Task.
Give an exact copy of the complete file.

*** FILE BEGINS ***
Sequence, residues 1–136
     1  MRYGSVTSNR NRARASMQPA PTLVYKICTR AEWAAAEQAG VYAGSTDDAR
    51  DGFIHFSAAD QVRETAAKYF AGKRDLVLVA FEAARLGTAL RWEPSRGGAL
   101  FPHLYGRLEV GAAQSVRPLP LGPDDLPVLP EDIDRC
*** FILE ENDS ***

Sequence, residues 1–136
     1  MRYGSVTSNR NRARASMQPA PTLVYKICTR AEWAAAEQAG VYAGSTDDAR
    51  DGFIHFSAAD QVRETAAKYF AGKRDLVLVA FEAARLGTAL RWEPSRGGAL
   101  FPHLYGRLEV GAAQSVRPLP LGPDDLPVLP EDIDRC